Asked about the privatisation of healthcare for older people Ben Adams suggested it could be helpful as a means of improving the service delivered, this was an audience, mostly, too polite to heckle, but having forty odd people all frowning at him in silence must have been pretty intimidating. Ian Wilkes waffled awkwardly over the same question and suggested an all- party commission should look into the issue, dear lord not another! Jan Zablocki tore with gusto into the government and its privatisation by stealth of NHS and council health services, saying that providers should be brought to account where the service was shoddy, getting a deserved round of applause in return. Paul Farrelly called the government’s plans to privatise healthcare ideologically driven and called for better pay for care staff, also strong applause.
Asked about the role of accounting companies such as KPMG and PwC in government affairs Jan Zablocki drew attention to the role one had played in ‘funding’ certain MPs, one rather close to home and asked if their support was being bought. Geoff Locke said tax avoidance, one of the subjects on which said companies had given advice was hard to prevent, so maybe we shouldn’t try? Ben Adams said people should pay their taxes, but that KPMG et al weren’t necessarily wrong in what they were doing; another stony silence met that one.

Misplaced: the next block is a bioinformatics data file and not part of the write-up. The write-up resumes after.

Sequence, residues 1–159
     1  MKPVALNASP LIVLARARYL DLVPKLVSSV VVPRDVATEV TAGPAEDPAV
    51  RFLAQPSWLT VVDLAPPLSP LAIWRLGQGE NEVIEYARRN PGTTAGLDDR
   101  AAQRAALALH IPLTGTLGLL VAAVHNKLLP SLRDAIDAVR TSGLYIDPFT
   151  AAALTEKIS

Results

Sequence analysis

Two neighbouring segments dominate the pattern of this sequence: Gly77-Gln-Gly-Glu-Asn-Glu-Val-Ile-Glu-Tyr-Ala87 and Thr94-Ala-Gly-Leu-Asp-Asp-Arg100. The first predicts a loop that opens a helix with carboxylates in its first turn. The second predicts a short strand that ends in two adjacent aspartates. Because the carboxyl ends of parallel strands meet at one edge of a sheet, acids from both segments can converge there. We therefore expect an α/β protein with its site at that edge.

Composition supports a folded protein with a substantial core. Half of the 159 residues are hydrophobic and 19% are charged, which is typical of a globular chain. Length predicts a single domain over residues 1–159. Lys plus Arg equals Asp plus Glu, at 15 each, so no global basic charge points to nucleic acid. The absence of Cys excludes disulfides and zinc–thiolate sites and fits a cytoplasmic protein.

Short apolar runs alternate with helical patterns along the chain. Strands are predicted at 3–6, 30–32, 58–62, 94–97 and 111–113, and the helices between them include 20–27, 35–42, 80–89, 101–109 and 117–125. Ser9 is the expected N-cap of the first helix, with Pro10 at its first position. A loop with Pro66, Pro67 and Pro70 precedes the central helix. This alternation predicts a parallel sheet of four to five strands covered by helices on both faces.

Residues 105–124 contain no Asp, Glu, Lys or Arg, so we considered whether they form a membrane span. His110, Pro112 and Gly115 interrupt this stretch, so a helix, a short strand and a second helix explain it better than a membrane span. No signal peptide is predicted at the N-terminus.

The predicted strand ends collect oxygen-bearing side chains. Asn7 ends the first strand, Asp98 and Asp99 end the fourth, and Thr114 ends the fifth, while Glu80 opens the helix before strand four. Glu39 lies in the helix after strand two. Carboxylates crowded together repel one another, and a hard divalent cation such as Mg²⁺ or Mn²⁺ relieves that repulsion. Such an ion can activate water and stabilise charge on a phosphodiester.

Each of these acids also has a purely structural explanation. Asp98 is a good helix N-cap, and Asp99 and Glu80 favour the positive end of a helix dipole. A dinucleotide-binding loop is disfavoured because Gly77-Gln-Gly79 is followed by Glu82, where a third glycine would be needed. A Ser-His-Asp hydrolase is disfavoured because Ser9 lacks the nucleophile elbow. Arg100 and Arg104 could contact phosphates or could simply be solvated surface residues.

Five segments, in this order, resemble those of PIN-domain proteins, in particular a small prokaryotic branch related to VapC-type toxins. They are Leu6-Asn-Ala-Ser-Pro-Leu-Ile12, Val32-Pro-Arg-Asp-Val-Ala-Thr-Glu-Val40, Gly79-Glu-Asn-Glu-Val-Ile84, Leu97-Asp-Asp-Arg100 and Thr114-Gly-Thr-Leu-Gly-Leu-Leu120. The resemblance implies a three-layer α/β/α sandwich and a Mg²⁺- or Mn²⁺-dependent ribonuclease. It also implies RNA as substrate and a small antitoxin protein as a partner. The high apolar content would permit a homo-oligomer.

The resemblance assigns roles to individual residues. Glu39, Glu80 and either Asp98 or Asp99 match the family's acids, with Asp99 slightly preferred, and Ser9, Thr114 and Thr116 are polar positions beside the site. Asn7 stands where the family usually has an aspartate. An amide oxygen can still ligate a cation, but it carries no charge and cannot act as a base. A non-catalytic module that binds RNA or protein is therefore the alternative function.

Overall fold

The question of the day though came from the most unlikely source, Jack Hood a sweet looking centenarian with a mind like a steel trap. He gave the panel a Paxman style grilling over the ‘bedroom tax.’ Well played that man, would that we all could be that feisty at half his age.